Healthy adults have robust individual differences in neuroanatomy and cognitive ability not captured by demographics or gross morphology (Luders, Narr, Thompson, & Toga, 2009). We used a hierarchical independent component analysis (hICA) to create novel characterizations of individual differences in our participants (190). These components fused data across multiple cognitive tests and neuroanatomical variables. The first level contained four independent, underlying sources of phenotypic variance that predominately modeled broad relationships within types of data (e.g., "white matter," or "subcortical gray matter"), but were not reflective of traditional individual difference measures such as sex, age, or intracranial volume. After accounting for the novel individual difference measures, a second level analysis identified two underlying sources of phenotypic variation. One of these made strong, joint contributions to both the anatomical structures associated with the core fronto-parietal "rich club" network (van den Heuvel & Sporns, 2011), and to cognitive factors. These findings suggest that a hierarchical, data-driven approach is able to identify underlying sources of individual difference that contribute to cognitive-anatomical variation in healthy young adults.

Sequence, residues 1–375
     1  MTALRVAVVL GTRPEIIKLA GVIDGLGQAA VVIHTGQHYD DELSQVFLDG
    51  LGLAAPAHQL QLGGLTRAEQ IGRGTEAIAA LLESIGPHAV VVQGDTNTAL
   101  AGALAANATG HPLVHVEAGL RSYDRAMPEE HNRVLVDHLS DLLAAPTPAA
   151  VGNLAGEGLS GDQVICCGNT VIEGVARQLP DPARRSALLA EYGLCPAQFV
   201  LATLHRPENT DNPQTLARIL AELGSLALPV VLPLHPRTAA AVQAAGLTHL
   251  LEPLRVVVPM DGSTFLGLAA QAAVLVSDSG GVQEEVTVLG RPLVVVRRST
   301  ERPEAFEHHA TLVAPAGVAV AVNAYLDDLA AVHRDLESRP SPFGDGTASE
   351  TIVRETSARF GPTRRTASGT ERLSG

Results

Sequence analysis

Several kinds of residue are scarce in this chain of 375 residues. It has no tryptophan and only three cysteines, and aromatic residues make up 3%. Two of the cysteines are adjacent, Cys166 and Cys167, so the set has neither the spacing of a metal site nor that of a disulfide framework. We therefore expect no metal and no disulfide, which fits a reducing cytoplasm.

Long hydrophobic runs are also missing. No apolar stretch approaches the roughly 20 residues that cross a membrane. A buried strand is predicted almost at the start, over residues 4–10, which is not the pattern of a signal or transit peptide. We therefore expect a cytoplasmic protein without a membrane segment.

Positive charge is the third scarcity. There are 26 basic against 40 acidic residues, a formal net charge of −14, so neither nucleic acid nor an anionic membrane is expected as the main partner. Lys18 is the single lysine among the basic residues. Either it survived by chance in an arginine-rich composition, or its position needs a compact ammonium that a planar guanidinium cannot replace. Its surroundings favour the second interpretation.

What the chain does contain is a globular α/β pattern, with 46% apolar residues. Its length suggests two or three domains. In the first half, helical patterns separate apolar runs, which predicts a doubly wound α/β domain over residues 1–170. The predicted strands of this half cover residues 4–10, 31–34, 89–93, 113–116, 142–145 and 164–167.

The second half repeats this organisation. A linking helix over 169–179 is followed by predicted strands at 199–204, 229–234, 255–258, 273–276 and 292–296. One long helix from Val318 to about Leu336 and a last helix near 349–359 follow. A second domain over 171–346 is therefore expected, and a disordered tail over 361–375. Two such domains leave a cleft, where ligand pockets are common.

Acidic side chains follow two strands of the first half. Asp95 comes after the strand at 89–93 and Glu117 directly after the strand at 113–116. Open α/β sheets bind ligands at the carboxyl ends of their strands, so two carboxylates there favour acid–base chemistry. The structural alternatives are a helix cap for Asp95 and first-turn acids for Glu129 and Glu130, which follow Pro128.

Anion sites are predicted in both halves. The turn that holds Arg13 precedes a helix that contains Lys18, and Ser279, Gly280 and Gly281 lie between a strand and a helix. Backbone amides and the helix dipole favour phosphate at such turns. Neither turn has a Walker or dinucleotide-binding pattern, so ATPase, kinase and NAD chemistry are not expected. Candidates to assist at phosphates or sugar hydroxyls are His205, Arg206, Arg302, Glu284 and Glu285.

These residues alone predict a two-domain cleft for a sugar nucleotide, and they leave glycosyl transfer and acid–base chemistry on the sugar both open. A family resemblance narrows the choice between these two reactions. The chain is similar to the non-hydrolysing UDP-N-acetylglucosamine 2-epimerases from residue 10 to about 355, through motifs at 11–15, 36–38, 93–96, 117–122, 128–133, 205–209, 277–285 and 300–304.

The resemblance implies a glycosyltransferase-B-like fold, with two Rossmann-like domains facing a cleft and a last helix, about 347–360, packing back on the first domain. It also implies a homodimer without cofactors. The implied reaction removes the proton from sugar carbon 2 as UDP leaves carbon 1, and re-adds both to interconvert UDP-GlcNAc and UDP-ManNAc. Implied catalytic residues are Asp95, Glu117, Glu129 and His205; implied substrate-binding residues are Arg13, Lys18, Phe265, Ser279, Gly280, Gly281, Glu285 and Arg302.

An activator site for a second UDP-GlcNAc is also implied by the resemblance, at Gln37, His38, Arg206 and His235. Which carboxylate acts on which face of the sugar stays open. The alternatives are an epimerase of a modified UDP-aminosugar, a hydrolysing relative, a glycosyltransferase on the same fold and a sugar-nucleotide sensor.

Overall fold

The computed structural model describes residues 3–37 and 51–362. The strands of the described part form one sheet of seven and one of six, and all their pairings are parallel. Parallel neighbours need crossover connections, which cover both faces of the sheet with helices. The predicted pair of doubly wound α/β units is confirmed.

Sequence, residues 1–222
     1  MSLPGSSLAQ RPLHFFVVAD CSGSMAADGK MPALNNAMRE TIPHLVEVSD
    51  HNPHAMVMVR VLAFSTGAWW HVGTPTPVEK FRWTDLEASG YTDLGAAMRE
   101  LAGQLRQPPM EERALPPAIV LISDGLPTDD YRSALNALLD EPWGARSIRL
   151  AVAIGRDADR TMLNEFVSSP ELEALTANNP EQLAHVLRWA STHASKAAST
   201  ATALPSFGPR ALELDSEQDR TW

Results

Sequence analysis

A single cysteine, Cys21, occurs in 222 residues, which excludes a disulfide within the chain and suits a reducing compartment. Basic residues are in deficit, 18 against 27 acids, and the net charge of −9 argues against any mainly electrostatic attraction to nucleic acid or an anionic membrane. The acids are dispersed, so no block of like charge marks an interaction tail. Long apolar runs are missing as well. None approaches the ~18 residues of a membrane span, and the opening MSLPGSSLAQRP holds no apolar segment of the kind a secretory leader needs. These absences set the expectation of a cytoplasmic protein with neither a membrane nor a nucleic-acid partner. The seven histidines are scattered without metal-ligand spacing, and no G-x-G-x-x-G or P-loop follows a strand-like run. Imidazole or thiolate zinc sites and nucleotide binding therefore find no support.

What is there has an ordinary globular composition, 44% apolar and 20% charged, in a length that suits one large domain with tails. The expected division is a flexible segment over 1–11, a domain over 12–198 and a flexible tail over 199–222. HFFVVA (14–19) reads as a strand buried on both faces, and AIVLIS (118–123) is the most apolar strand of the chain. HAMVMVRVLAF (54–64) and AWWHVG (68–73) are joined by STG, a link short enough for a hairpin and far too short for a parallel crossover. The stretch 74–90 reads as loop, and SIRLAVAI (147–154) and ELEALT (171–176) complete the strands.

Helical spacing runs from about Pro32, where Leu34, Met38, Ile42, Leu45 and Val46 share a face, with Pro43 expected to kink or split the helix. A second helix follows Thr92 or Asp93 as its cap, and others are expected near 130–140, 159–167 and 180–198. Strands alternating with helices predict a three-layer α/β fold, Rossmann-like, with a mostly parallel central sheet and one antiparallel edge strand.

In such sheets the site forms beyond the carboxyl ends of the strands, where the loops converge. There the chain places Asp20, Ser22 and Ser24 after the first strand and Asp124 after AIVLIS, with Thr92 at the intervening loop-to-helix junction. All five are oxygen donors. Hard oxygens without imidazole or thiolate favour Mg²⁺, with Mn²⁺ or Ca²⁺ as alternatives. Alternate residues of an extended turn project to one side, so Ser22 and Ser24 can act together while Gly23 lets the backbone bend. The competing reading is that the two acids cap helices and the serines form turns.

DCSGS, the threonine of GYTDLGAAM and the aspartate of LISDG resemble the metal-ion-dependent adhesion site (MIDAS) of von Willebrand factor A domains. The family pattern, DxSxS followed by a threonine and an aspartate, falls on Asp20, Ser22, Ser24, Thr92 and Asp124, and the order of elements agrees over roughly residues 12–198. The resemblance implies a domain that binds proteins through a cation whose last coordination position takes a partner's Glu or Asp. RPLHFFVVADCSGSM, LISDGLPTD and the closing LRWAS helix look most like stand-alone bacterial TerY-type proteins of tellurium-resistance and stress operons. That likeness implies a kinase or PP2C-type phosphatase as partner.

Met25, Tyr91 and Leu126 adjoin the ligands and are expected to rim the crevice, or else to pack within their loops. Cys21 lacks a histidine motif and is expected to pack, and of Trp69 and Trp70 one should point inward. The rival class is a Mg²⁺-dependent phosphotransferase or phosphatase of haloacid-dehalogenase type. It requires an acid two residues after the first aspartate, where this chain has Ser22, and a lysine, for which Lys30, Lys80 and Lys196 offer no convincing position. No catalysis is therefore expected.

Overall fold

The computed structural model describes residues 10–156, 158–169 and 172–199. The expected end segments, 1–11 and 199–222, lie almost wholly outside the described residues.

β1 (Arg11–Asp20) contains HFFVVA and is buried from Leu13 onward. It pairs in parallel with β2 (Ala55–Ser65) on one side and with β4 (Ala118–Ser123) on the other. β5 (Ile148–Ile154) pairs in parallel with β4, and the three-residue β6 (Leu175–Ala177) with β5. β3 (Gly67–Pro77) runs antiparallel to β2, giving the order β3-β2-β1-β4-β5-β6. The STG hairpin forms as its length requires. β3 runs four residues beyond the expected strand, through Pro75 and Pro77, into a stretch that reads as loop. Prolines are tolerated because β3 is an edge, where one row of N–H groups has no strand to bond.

ASJC Scopus subject areas
- Cognitive Neuroscience